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Internet crimes and online bullying are becoming a raised concern as youth internet usage drastically increases. A study by Crimes Against Children Research Center showed that almost all youth (97%) were using the Internet from home, up from 74% in 2000 and almost half of youth (47%) were using the Internet from cell phones. The study also shows that unwanted sexual solicitations continue to decline from 19% in 2000 to 9% in 2010, however we have seen an increase in online harassment from 6% in 2000 to 11% in 2010.
Attorney General Greg Zoeller is working diligently to protect Indiana’s youth in response to the increasing number of teenagers using the Internet, the proliferation of child pornography, and the heightened online activity by predators searching for unsupervised contact with underage victims.
On July 1, 2008, a law took effect which prohibits a registered sex offender convicted of certain crimes involving children from knowingly using social networking web sites, instant messaging programs or chat room programs the offender knows include children. The Office of the Indiana Attorney General was an advocate of this new law and helped legislators craft the language for the state statute. First time violators of this law face a potential jail sentence of six months to three years. If the sex offender violates the law again, the charge would be elevated to a Class C felony, which carries a two to eight year sentence.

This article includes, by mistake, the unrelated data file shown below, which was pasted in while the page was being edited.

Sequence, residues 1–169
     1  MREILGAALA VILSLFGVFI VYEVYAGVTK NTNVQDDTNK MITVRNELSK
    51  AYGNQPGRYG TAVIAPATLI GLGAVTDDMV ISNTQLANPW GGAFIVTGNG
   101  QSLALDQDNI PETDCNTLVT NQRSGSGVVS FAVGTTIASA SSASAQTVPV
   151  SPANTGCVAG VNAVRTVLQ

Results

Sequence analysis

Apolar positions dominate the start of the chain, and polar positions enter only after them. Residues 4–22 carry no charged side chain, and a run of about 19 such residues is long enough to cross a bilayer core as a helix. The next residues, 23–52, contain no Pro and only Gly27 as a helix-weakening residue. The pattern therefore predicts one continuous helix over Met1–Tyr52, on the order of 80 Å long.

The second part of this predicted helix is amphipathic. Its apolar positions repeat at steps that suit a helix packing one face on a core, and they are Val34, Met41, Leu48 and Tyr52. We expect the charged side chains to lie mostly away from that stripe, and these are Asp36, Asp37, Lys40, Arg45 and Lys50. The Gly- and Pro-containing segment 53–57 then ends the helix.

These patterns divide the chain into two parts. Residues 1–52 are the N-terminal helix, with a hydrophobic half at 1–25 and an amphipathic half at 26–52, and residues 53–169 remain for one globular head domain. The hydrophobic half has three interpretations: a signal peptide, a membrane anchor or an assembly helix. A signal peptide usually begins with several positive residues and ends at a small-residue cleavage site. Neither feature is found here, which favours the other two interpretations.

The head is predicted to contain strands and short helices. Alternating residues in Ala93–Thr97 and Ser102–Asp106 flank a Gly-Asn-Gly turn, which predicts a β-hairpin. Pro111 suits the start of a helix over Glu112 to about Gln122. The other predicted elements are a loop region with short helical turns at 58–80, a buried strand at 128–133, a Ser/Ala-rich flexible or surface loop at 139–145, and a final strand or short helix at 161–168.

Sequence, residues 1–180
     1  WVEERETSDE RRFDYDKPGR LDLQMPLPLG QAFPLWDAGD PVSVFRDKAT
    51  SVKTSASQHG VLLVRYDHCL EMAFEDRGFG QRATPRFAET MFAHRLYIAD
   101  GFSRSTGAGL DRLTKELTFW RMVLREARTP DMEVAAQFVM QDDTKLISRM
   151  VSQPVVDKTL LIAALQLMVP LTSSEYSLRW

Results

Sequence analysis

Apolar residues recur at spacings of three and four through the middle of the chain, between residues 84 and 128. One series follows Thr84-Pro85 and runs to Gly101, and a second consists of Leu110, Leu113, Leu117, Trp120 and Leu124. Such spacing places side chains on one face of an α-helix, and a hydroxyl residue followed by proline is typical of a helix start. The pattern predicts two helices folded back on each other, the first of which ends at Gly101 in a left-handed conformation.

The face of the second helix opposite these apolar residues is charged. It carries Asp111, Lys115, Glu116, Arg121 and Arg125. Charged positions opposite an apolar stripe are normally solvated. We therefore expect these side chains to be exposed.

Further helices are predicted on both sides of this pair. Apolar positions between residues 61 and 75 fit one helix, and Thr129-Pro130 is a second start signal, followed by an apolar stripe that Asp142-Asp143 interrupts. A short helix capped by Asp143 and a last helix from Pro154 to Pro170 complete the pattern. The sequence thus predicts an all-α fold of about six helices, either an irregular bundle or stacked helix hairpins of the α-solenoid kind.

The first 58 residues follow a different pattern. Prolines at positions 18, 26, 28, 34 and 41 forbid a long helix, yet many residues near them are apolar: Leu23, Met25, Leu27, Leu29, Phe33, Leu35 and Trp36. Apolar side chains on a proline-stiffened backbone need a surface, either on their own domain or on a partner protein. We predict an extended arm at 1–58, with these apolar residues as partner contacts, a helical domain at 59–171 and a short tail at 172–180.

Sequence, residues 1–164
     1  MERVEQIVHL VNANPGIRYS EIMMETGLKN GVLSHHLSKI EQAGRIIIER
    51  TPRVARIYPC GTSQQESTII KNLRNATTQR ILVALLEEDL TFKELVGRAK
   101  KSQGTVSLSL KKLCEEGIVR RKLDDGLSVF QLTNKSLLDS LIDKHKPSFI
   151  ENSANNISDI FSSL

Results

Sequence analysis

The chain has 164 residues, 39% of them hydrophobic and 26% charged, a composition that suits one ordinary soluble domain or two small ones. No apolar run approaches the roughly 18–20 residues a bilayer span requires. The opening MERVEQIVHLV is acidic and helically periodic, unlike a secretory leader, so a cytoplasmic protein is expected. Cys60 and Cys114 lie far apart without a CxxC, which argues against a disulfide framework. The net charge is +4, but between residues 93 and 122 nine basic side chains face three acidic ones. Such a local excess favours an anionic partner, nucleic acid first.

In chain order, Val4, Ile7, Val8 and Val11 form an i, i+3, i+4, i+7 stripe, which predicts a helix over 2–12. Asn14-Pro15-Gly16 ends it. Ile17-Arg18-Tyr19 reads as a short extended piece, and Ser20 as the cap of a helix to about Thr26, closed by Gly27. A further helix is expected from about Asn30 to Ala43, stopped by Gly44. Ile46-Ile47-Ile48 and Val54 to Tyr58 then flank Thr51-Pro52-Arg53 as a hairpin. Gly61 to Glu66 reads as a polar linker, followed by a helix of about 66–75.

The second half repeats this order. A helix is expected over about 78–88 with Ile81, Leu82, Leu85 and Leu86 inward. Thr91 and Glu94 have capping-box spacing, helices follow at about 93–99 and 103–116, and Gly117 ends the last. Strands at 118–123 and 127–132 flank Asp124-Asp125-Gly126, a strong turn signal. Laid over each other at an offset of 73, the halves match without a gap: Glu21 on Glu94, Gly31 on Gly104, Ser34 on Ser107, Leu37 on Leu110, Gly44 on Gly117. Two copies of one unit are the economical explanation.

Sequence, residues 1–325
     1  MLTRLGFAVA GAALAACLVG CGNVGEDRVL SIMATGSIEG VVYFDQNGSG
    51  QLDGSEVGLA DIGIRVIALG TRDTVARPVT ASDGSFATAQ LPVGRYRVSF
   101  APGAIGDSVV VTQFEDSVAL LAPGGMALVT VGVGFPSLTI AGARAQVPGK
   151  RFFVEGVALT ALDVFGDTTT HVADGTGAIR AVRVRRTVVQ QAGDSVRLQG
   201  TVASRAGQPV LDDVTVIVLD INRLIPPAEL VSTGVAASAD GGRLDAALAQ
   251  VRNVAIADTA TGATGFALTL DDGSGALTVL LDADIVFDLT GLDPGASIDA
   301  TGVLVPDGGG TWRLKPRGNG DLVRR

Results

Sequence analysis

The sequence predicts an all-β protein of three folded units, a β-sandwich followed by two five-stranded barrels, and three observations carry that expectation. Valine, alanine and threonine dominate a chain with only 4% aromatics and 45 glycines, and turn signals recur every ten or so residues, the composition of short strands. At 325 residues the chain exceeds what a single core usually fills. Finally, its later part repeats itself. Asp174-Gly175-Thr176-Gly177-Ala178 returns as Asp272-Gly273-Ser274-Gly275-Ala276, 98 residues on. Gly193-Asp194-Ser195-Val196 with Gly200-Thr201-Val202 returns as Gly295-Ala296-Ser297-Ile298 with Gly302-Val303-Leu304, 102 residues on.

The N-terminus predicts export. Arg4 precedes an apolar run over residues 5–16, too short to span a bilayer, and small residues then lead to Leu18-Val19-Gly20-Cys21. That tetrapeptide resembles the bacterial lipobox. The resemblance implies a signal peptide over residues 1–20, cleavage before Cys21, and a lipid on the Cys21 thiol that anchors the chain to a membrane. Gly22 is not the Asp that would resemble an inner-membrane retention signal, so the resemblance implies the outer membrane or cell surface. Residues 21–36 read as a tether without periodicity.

In addition, the Office is collaborating with the National Center for Missing and Exploited Children to offer the NetSmartz Workshop (http://www.netsmartz.org/). This site contains a wealth of tools and resources to help educate youth, parents and educators about Internet safety.